Tag Archives: Christopher Lee

Night Train to Lisbon

When a timid Swiss professor (Jeremy Irons) saves a young woman from jumping off a bridge, it leads him on an unpredictable journey to Lisbon and the story of a doctor (Jack Huston) who becomes involved in the resistance movement. Bille August’s take on the critically acclaimed novel is an example of why some books … Continue reading Night Train to Lisbon

Christopher Lee: The King of Monsters

In the clip above, Sir Christopher Lee shows us his immense talent for languages – apart from some German, he also knew a bit of Swedish and Russian, among other languages. We lost a great man this week. The death of Lee was announced last Thursday, four days after it happened. When every family member … Continue reading Christopher Lee: The King of Monsters

The Hobbit: The Battle of the Five Armies

THE DEFINING CHAPTER.  The dragon Smaug flies to Esgaroth to destroy the town, but greater challenges await in the shape of a coming battle for Lonely Mountain. The final part of this trilogy is the shortest film Peter Jackson ever made about the Middle-Earth, but maybe that’s because it is so completely dominated by that … Continue reading The Hobbit: The Battle of the Five Armies

Dark Shadows

EVERY FAMILY HAS ITS DEMONS. In 1972, a vampire (Johnny Depp) is accidentally freed from his buried coffin and returns to his Maine family mansion; a lot has changed in 200 years, but the witch who turned him into a bloodsucker is still around. A very Tim Burton-esque adaptation of the classic 1966-1971 horror soap, … Continue reading Dark Shadows

The Hobbit: An Unexpected Journey

FROM THE SMALLEST BEGINNINGS COME THE GREATEST LEGENDS. Gandalf the wizard (Ian McKellen) convinces a hobbit, Bilbo (Martin Freeman), to join his party of 13 dwarves on a quest to reclaim a treasure that was stolen by a mighty dragon. Set sixty years before the Lord of the Rings trilogy, Peter Jackson’s grand return to … Continue reading The Hobbit: An Unexpected Journey

Frankenweenie

When young Victor Frankenstein loses his best friend, Sparky the dog, in an accident, he successfully brings the animal back to life in a thunderstorm. Tim Burton’s remake of the 1984 short that got him fired from Disney is a fast-paced stop-motion adventure in 3D that has the balls to also be in black-and-white. An … Continue reading Frankenweenie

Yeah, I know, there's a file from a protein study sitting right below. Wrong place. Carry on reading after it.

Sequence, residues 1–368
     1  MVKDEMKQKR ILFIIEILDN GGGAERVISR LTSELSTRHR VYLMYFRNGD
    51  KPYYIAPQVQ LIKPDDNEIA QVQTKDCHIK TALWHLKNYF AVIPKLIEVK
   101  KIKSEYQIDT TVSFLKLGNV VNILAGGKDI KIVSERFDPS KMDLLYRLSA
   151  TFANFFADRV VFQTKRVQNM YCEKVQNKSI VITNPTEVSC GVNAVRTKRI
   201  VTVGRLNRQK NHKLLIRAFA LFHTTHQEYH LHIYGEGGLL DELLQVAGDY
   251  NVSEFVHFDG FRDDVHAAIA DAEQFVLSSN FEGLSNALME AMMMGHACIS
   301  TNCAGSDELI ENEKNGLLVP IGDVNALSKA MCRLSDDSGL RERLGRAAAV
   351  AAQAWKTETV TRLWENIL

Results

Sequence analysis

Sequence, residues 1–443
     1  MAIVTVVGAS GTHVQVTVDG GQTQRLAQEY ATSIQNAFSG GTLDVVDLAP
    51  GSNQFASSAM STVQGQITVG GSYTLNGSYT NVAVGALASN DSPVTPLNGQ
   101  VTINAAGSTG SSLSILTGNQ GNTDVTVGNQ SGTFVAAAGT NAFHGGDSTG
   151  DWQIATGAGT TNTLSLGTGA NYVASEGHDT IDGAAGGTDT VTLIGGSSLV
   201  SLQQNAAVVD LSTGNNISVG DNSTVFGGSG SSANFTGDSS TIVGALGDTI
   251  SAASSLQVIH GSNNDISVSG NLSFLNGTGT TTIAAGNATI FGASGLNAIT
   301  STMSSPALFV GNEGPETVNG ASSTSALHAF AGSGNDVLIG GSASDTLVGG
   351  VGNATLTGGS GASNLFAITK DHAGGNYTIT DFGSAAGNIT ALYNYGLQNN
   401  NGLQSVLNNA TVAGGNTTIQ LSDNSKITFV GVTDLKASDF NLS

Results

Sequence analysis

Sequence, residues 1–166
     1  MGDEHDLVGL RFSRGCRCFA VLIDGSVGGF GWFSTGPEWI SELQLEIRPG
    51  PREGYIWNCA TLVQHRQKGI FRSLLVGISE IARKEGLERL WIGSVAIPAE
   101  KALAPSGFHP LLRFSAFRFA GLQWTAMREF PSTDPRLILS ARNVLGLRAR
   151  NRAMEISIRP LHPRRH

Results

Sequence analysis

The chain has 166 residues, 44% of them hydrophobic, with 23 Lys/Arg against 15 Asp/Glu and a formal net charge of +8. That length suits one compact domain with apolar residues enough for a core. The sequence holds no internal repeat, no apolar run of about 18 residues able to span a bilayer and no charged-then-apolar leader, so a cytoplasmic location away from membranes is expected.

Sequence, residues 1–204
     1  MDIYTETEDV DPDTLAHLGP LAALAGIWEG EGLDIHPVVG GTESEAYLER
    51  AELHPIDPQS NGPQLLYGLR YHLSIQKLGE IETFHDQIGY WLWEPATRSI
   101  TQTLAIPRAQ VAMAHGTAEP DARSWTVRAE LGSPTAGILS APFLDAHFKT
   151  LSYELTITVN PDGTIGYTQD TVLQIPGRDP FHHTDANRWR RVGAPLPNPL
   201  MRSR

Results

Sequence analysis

James Bond 50: As Crazy As They Come

  As the world’s most famous spy celebrates 50 years as a movie star, the time has come to celebrate everything we love about him. In 22 blog posts, I’ll find something in every Bond movie, from Dr. No (1962) to Quantum of Solace (2008), that’s worth illustrating. Yes, even the bad ones. The fourteenth film in this franchise … Continue reading James Bond 50: As Crazy As They Come

James Bond 50: The Car Twist

  As the world’s most famous spy celebrates 50 years as a movie star, the time has come to celebrate everything we love about him. In 22 blog posts, I’ll find something in every Bond movie, from Dr. No (1962) to Quantum of Solace (2008), that’s worth illustrating. Yes, even the bad ones. The ninth Bond movie was the … Continue reading James Bond 50: The Car Twist

Burke and Hare

No job too small. No body too big. No questions asked. In 1827, two con artists (Simon Pegg, Andy Serkis) learn that there’s money in delivering corpses to an unscrupulous doctor (Tom Wilkinson); so what if they have to help a lot of people die a little faster? John Landis’s first film in 12 years … Continue reading Burke and Hare

The Windsors On Screen

  Queen Elizabeth II’s Diamond Jubilee has been upon us for a couple of weeks now. And by us, I don’t simply mean her British subjects, but a lot of people all over the world, not least Americans who seem strangely fascinated by a woman who represents almost everything they once fought a war to … Continue reading The Windsors On Screen

Hugo: Reinventing Méliès

  When I first saw the previews for Steven Spielberg’s War Horse and Martin Scorsese’s Hugo, I was sorely disappointed and thought that these films will hardly be counted among the masters’ greatest. The first one looked awfully sentimental, the other one too kid-oriented. I still haven’t seen War Horse, but boy was I wrong about Hugo. Admittedly, the film … Continue reading Hugo: Reinventing Méliès